• History of the Work of Redemption, &c., p. 190. † Five Letters concerning Inspiration, pp. 164, 169.

Lowth's Vindication of the Divine Authority and Inspiration of the Old and New Testament, pp. 227, 228.


It has been gravely urged as another reason for dismissing the whole book of Esther from the Canon, that it nowhere expressly mentions the name of God. But this objection is frivolous and gratuitous. It is founded on the puerile assumption, that a certain frequency in the repetition of the divine name is an essential characteristic of an inspired communication. On this principle, the Bible must not only be shorn of the Song of Solomon and the book of Esther, but of many long sections in other books, where the same omission may be traced. On this subject, let us hear the observations of a learned and pious Professor of Divinity, who, amongst other excellent writings, published an interesting Exposition of the book in question:

“ Is the name of God not in this book? If the wonderful works of God declare his name to be near, it is written in large characters in the book of Esther, which gives us an account of one of the most wonderful interpositions of God in ancient times for the salvation of his people. Is the name of our Lord Jesus Christ not to be found in this book? Are we not taught very plainly by Moses, and the Prophets who followed him, that the Son of God, the Angel of his presence, in whom his name is, was the Saviour of Israel in every age i Was he not then the Author of the great deliverance wrought for his people in the days of Esther? And do we not learn the glory of his grace, and wisdom, and power, from this work of his hand ? -For what end did God cause his ancient oracles to be written? Asaph informs us, Psalm lxxviii. 5-8. And do we find any of the books of the Old Testament better fitted for the important purpose there mentioned? Do we not learn from this book, if we are not absolutely unteachable, to set our hope in God, and not to forget the works of God, but to keep his commandments ?'”+

Similar attempts have been made to mutilate the Canon of the New Testament. Michaelis, and other modern critics, have rashly proposed to eraze the Gospels of Mark and LUKE from the list, on the ground that these writers sustained merely the office of Evangelists, and not that of Apostles. Even Luther, at one time, was disposed to deny the inspiration of

• Exod. iii. 23_Gen. xlviii. 6, 7–Ps. Ixviii. 18, 19_compare Ephes. iv. 9.

† Discourses on the Whole Book of Esther, by George Lawson, D.D., pp. 2, 3, second edit.

I See the truly satisfactory vindication of the Gospels of Mark and Luke, in Dr Alexander's Canon of the New Testament, Part ii. sect. vii. pp. 112-119.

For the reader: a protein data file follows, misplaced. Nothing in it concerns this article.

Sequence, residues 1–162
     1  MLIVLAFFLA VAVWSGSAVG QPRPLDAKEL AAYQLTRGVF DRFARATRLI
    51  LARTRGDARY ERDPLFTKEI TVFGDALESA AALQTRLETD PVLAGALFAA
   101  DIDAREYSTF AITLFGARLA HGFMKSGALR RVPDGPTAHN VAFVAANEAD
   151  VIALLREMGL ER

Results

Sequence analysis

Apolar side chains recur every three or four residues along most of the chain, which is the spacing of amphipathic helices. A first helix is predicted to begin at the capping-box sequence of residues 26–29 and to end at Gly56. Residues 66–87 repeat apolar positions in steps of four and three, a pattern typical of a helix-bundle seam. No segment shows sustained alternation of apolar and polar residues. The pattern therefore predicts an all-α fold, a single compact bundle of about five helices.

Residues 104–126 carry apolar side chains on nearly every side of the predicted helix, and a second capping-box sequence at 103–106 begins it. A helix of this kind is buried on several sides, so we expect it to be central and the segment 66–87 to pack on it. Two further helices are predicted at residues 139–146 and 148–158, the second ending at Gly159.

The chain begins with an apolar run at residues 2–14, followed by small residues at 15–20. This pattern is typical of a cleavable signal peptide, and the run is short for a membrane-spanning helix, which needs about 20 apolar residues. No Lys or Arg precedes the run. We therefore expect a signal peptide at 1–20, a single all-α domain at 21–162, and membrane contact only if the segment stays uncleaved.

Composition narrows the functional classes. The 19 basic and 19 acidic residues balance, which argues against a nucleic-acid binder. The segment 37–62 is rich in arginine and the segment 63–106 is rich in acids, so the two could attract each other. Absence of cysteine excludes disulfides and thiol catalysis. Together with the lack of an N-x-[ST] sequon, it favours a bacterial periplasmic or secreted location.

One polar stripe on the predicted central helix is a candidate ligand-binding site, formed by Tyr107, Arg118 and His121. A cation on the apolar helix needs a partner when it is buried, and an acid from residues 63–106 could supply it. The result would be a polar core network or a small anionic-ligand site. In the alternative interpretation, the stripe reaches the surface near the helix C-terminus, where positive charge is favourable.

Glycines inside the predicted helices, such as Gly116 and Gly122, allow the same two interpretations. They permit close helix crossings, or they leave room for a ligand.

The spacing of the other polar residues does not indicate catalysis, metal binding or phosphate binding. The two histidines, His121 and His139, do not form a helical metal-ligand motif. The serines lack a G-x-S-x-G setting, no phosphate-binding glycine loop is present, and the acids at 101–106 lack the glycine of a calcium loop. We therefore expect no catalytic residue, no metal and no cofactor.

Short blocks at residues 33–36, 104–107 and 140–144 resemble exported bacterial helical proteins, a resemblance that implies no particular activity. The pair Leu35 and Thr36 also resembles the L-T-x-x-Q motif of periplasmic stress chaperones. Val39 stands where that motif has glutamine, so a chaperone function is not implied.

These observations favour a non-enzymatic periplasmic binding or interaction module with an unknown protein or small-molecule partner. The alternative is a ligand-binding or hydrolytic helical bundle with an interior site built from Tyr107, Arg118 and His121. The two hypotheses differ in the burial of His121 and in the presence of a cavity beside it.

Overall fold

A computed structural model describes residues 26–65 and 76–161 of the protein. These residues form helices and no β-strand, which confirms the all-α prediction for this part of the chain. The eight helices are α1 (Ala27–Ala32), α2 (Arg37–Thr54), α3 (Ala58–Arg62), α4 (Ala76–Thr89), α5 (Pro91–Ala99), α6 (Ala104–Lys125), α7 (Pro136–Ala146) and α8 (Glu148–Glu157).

the Epistle of James, and called it an “ Epistle of straw;" because, on the grand article of justification, its doctrine appeared to him contrary to that of Paul—a supposition which many subsequent advocates of truth have shown to be utterly groundless.* The same great reformer questioned the genuineness and divine origin of the APOCALYPSE; though, as characterized by a late writer, it is the sublimest of all books,” and though the indisputable accomplishment of some of its most extraordinary prophetic visions ought, in spite of their partial obscurity, to satisfy every inquirer. Some men of erudition have denounced the Epistle to the HEBREWS, notwithstanding its rich illustrations of the Mosaic ritual and of evangelical truth; chiefly because the Apostle Paul has not prefixed his name to that writing as to his other Epistles, whilst good reasons can be assigned for this deviation from his usual practice.f To mention only one instance more of those bold and sweeping amputations of the sacred volume.—At a very early period of the Christian church, it was proposed by some to set aside the beautiful and instructive Epistle to Philemon, because it relates merely to the private history of a poor slave, who had eloped from his master, and in consequence of undergoing a happy change of character by the divine blessing on the ministry of Paul, piously determined to return. Jerome, when treating this subject, makes the remark, that to reject the Epistle to Philemon, on the pretence that it relates to matters of little importance, is altogether wrong; for, says he, “ If they do not believe that small things can have the same Author with things of a more elevated nature, it'behoves them to affirm, with Valentine, Marcion, and Apelles, that he who created ants, worms, and grasshoppers, is not the same Being as the creator of heaven and earth, of the sea, and of angels." I